I tell them that if the sofa we’ve been waiting on for seven months shows up and the delivery goes badly and something gets broken, we’ll figure out a repair—but I warn them so much more now at the beginning of all of the things that could happen, just to be prepared. And if I’m finding that if a client isn’t meeting me where I need them to communicate with me, we may not proceed after our first phase is done. Or I say to them, “Because you haven’t been communicating with me, these things are not going to be complete.”
What is it that you need from clients, communication-wise?
I do a lot of projects where I only see the client in the summertime, so it’s important to have a weekly meeting—or a monthly meeting when things are not as busy—to stay on schedule. I call my schedule a school year: We meet with the clients in August and start doing the scheme work and the discovery process. By October 15, I want full commitment on everything we’re ordering. By the time December 1 comes, we need to have all of our orders in—everything. And especially if I’m doing custom pieces, I need to have all of that approved well in advance. And whether they’re moving on Memorial Day weekend or June 1, I definitely want things installed by May 15—or May 1, really. And then July is punch list month.
So often when I talk to designers, they say that the saving grace in their workflow is that projects are at different phases. It’s staggered, so you’re heavy on one project but light on another. But what I’m hearing from you is that yours are really happening in the same phase basically all at the same time. Is that correct?
That’s absolutely correct. These are summer homes, so I have nine months to do it. It’s a lot. But we also have other projects throughout the year for people living more locally or in Boston. I do work down in Palm Beach, and I’m working on a project out at the Yellowstone Club [in Montana].
How have you adapted to that “school year” cycle in terms of your creativity?
My favorite season here is the fall—it’s so beautiful here in Maine—and so it works well that the real push for a lot of our projects is during that time. And then we place our orders, but we’re still also designing furniture pieces and trims are coming in, which is still creative. After that is fabric and window treatments, and I do really thick and detailed window treatments—I always put a little flange edge at the top of my pleats and we’ll have a tape on the leading edge. That’s usually at the beginning of January. Plumbing and lighting is in January too. And then we get into pillows and any sort of leftover little things like ottomans and some antiques that we might find. So it is always creative, it’s just in a different way throughout the year.
It’s so interesting to think about pacing a job that way. Switching gears, though, can you tell me about the design scene in Maine and how that impacts the way you shop?
We have a lot of great resources here—tile stores, kitchen design studios. Portland has really taken off, so there’s a pulse here, but it’s not an out of control pulse. It’s relaxed, but it’s so creative. There’s this more modern coastal cottage look—a great low-key Nantucket or Hamptons vibe—and then you’ve got the modern farmhouses and some very traditional design. My style is much more about brighter colors. I love to use a lot of trims. I have some clients who really like to keep things clean, which I can do, but they see the tear coming out of my eye because I can’t use a cord on something. For those clients, we’ll use pattern in a smaller way, on pillows instead of the headboard, or on a small chair instead of the two larger wingback chairs. There’s a good balance here. And if you need to go somewhere, you can either drive down to Boston or the airport here is 25 minutes away.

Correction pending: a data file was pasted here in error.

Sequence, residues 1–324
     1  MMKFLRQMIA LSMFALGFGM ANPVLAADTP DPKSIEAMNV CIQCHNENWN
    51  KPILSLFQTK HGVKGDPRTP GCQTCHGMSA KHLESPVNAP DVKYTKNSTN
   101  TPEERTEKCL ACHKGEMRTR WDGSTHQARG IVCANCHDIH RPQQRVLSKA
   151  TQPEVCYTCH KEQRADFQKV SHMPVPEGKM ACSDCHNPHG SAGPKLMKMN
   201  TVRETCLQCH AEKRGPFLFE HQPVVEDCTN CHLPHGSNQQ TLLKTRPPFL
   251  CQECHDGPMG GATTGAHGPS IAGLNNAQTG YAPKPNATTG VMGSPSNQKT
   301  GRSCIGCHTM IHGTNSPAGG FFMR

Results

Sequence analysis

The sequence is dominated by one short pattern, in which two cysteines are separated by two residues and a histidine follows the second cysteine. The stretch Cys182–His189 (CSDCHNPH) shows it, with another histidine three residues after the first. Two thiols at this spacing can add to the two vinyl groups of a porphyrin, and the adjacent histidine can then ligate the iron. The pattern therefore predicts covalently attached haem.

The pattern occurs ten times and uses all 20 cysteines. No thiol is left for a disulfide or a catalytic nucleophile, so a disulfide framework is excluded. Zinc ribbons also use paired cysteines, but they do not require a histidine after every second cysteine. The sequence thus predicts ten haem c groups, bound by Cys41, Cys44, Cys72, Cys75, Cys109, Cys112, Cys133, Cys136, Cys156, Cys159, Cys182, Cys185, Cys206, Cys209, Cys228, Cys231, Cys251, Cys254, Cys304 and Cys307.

You opened a studio recently. What was the idea behind that space?
Basically, my husband said, “If I see another FedEx box or fabric pull on our doorstep, I am going to have a heart attack.” But, honestly, I wish I had done it a little bit sooner. I have this great window where I do a different design every month, and it’s been a really fun way to connect to the community. People love the windows.
You’re either going to hire an interior designer or you’re not. If you’re not the type that is going to, then you just love the window for what it is. It just makes everyone happy, you know? But then I’ve had people who love the window, go to my website and look at my work, and then reach out to me and say, “I love your window,” and they want to work with me. Sometimes I just can’t take their project, but I’ll always refer them to someone else. I don’t see this being a retail space—we’ve already filled it up with our offices—but we’ll occasionally do a pop-up and it’s a great space to entertain.
How have you approached billing for your work?
We bill hourly—it’s $250 an hour for me, and then my employees are $75 and $125 an hour. Sometimes if it’s the three of us working on something in the office, I’m just billing for my time. But if we’re all on an install, we’re billing for all of us.
Is there ever client pushback about the hourly billing?
Yes. There’s always an Achilles heel for something. It could be our travel fee. Sometimes it’s shipping and freight. And then when we do have larger meetings, sometimes clients are very particular about who is at the meeting and getting billed for who’s there. There’s always something they are sensitive to, but we work through that.
What is the biggest thing you wish you had known when you started your business?
The best advice I could give anyone is to have a bookkeeper. Beyond that, I’d tell myself to get my studio sooner, and not be afraid to hire more help sooner. If you’re just starting out, take the leap to get whoever you need to work for you in line right away, because all it’s going to do is help you to be organized, and help you live your life better in a personal way.
One thing that I know to do now with all of my installs is I always have a cleaning company on site. I hire them for the furniture install day, because we install a lot this time of year and there’s pollen everywhere.
What does success look like for you?
Balance. Having balance with my projects, and in my studio, and at home with my family. These projects and these families become part of who you are, right? So there are all these different needs with your clients, and they become so important to you that it can feel just as important as your own family. You’re really stepping into someone’s personal bubble, and you have to be able to manage that for them. I really need to make sure that I have my clients covered so I can also be there for my family.